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BMC Vet Res. 2012; 8: 7.
Published online Jan 17, 2012. doi:  10.1186/1746-6148-8-7
PMCID: PMC3274458
Wild boar: an increasing concern for Aujeszky's disease control in pigs?
Mariana Boadella,corresponding author1 Christian Gortázar,1 Joaquín Vicente,1 and Francisco Ruiz-Fons1
1IREC (CSIC-UCLM-JCCM), Ronda de Toledo s/n, Ciudad Real, Spain
corresponding authorCorresponding author.
Mariana Boadella: mariana.boadella/at/gmail.com; Christian Gortázar: christian.gortazar/at/uclm.es; Joaquín Vicente: joaquin.vicente/at/uclm.es; Francisco Ruiz-Fons: josefrancisco.ruiz/at/uclm.es
Received August 19, 2011; Accepted January 17, 2012.
Abstract
Background
The goal of this study was describing the temporal evolution of Aujeszky's disease virus (ADV) contact prevalence among Eurasian wild boar (Sus scrofa) populations under different management regimes and contact likelihoods with domestic pigs. Given the recent increase in wild boar abundance throughout Europe, we hypothesized that wild boar contact with ADV would remain stable in time even after significant reduction of ADV prevalence in domestic pigs.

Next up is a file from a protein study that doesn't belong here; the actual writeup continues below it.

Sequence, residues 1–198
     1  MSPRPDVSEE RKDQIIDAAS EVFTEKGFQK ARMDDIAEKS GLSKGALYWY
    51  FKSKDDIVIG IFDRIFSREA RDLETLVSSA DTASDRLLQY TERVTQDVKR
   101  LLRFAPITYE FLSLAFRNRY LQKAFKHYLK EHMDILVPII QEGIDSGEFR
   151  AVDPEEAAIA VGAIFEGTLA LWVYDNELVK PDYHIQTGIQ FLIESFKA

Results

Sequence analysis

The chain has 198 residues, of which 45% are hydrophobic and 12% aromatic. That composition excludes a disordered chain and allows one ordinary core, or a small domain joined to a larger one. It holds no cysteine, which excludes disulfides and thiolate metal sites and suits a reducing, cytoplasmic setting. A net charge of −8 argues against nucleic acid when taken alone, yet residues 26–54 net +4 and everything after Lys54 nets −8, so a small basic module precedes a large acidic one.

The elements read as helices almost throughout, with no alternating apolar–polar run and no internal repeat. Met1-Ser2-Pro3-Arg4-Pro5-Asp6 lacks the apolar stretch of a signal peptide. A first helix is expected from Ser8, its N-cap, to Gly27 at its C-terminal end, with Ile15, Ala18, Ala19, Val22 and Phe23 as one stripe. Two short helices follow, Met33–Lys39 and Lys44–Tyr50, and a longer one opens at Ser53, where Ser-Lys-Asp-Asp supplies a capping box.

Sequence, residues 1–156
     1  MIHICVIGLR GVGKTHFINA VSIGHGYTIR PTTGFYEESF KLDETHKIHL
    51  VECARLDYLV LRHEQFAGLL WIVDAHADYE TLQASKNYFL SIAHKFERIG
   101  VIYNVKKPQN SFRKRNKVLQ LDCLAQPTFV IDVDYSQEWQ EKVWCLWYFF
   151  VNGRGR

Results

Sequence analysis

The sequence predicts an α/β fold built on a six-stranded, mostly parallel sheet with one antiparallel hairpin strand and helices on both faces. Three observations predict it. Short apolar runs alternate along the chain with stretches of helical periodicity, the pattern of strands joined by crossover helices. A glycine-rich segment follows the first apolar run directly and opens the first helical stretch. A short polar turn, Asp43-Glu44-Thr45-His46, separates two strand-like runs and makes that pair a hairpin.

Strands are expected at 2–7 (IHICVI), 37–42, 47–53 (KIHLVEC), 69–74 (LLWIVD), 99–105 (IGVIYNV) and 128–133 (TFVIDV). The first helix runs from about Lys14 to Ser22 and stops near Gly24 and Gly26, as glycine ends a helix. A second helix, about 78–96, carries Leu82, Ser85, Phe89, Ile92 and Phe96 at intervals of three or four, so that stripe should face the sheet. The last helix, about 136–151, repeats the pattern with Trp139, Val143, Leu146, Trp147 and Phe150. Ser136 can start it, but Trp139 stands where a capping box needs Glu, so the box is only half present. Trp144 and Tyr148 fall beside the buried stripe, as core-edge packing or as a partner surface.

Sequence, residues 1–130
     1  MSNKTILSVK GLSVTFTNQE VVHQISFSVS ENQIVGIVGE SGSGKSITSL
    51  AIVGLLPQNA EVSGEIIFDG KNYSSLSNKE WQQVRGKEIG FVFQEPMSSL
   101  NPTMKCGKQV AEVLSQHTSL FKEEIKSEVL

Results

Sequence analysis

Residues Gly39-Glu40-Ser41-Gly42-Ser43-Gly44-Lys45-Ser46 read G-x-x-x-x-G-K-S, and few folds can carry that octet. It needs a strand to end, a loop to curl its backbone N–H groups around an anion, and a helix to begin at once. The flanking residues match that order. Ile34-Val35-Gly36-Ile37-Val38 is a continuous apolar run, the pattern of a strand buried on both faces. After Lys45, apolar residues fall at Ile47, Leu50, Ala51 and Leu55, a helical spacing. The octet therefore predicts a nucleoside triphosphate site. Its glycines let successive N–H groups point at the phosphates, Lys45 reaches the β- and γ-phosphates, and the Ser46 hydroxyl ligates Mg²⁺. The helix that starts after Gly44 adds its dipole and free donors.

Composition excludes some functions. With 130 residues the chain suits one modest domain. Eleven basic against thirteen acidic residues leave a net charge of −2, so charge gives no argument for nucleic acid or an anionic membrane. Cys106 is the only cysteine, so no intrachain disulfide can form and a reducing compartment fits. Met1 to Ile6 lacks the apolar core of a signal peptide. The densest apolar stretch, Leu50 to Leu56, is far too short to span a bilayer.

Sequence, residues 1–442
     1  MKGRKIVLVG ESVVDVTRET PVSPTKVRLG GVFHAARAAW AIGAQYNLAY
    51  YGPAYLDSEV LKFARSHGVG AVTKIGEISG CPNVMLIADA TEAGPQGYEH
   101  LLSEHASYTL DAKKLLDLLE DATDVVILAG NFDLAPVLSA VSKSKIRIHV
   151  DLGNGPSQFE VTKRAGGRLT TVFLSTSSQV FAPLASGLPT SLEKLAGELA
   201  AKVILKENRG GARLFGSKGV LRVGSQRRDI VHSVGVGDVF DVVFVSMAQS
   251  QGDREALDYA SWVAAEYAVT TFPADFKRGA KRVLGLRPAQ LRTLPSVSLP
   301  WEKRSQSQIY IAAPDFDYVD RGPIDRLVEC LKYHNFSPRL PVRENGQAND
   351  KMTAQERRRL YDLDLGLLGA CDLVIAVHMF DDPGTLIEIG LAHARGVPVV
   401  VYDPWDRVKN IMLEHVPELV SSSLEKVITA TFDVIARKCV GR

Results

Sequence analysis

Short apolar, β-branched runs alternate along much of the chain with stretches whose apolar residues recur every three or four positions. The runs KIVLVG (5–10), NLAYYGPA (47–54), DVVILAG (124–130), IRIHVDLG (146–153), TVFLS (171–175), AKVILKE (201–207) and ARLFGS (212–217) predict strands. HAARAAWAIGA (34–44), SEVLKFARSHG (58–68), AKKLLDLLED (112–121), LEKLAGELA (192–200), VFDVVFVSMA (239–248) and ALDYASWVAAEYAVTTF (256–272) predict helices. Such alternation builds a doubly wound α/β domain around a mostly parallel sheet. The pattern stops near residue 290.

Results
Sera from 1659 wild boar were collected from 2000 to 2010 within 6 areas of the Iberian Peninsula and tested for the presence of antibodies against ADV by ELISA. According to sampling date, wild boar were grouped into three time periods. ADV prevalence was compared through period both globally and by geographic area. Overall seroprevalence for the ten-year study period was 49.6 ± 2.4%. The highest seroprevalence was recorded in areas with intense wild boar management. The annual proportion of positive wild boar sampling sites remained stable through the study period, while the percentage of domestic pig AD positive counties decreased from 70% in 2003 to 1.7% in 2010.
Conclusions
Results presented herein confirmed our hypothesis that ADV would remain almost stable in wild boar populations. This evidences the increasing risk wild boar pose in the final stages of ADV eradication in pigs and for wildlife conservation.
Keywords: Disease control, Monitoring, Pseudorabies, Seroprevalence, Sus scrofa, Wildlife
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